It’s really easy to get asked to do something — a new project, a nonprofit activity, a social event — and to have your head say yes and your heart say no, and then your mouth says yes.
The next thing you know, you’re piled up with all kinds of things on your schedule that sounded like a good idea at the time but you really don’t want to do.
And distract you from the things that really matter.
And make you angry, and bitter, and sullen, and hostile.
(Oh, wait, I’m projecting.)
No, he’s not just projecting. All those little commitments we kind-heartedly agree to, well … they’re piling up and getting in the way of the things we really want to do – and should be doing – like writing that next novel, or submitting that batch of poems, or building that next piece of furniture.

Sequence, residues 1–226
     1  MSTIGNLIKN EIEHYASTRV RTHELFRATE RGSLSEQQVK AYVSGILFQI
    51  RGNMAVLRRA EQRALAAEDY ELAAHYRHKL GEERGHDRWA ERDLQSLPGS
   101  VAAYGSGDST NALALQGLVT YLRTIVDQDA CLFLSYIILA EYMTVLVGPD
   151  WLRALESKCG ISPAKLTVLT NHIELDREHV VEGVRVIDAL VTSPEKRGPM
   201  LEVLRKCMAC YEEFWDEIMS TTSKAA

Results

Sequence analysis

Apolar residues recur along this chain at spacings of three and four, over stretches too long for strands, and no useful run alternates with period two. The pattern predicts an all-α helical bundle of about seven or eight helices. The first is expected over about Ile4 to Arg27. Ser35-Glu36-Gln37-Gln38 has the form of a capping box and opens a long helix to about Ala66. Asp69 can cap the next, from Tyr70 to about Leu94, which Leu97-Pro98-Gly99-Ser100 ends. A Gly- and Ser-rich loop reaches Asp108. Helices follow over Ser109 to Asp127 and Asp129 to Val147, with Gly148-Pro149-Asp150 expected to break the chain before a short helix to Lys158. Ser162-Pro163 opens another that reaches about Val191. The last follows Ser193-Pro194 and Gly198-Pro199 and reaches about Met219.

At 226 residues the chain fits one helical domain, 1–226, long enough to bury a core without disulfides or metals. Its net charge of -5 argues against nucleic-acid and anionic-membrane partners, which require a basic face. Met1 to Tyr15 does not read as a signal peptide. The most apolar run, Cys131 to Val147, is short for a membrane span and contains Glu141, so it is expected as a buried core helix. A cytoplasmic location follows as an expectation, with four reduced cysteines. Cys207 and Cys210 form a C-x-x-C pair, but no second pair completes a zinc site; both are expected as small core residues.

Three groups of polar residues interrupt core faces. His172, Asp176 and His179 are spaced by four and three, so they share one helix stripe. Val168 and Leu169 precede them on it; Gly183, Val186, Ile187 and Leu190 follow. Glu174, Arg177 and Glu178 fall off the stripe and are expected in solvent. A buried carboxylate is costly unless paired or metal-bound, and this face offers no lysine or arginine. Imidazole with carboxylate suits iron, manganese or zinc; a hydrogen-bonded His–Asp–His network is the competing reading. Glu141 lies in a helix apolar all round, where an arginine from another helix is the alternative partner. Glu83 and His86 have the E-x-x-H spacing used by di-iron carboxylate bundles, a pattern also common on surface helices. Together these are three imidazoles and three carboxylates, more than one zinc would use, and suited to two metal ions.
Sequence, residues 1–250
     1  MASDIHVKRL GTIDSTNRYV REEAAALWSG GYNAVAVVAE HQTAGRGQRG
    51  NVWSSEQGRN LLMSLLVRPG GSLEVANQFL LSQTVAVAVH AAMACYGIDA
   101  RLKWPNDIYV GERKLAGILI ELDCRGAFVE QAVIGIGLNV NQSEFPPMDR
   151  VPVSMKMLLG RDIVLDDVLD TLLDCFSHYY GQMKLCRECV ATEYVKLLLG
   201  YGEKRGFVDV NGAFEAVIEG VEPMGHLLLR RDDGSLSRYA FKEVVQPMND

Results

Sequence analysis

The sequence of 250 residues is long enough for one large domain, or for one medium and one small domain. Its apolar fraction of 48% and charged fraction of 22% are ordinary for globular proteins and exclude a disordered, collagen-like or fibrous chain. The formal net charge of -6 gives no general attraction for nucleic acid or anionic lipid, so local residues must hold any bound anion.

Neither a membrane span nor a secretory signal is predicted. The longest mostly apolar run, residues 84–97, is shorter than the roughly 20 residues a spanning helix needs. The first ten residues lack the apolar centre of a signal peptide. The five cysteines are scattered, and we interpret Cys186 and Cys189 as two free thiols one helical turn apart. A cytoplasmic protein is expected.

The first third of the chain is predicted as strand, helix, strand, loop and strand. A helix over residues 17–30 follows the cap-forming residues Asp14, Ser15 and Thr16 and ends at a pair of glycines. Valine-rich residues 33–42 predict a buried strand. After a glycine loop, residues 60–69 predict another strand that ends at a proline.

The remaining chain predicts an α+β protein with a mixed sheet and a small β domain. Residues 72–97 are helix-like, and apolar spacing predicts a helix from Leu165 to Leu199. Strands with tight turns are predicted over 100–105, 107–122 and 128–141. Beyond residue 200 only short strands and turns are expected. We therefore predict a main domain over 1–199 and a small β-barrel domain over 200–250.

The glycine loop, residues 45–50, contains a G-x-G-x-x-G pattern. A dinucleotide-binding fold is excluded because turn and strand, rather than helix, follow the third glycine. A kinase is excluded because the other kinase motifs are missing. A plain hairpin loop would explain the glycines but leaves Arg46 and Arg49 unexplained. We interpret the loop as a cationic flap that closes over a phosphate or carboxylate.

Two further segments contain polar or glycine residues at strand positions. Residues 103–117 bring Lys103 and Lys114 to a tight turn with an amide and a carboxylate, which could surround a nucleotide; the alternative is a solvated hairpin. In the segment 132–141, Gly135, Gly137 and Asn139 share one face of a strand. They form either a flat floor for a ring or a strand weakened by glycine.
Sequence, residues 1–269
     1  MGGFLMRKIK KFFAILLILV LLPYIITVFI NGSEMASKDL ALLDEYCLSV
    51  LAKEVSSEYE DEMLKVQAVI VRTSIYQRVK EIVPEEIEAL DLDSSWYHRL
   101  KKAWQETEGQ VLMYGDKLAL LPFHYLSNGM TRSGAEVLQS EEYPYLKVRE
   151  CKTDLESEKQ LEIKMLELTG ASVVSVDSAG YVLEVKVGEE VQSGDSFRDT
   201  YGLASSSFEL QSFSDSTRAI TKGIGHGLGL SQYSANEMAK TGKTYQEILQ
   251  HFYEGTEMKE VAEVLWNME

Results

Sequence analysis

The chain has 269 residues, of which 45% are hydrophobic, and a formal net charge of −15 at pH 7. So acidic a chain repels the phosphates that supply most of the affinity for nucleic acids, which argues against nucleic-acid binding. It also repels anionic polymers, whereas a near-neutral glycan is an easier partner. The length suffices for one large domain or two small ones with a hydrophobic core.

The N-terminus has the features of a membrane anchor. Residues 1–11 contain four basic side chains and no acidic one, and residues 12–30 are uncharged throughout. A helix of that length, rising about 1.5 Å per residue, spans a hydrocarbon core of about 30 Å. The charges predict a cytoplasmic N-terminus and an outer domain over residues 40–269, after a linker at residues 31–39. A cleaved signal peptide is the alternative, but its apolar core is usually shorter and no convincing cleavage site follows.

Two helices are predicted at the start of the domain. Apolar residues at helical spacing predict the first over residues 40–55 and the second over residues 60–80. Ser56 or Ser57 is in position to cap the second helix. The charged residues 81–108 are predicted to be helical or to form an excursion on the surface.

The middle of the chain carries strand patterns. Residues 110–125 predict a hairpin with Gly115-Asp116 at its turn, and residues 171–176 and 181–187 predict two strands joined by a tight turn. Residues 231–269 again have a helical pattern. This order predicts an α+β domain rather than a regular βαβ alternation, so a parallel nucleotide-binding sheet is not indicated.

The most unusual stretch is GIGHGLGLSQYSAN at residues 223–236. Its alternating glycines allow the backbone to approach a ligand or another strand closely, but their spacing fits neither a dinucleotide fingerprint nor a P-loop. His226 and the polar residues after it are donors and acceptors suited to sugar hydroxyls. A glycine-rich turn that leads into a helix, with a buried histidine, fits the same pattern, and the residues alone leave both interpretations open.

Personal productivity isn’t just for the biz crowd. Creatives of all stripes can flourish when we get things off our minds and off our plates. We need a way to cut through the clutter, the distractions, the crap that’s weighing us down.
What the biz kids know that creatives may not figure out intuitively is that productivity is not the end, it’s the means. In our case, it’s the means to carving out time for that new carving, and having our minds clear enough to do it.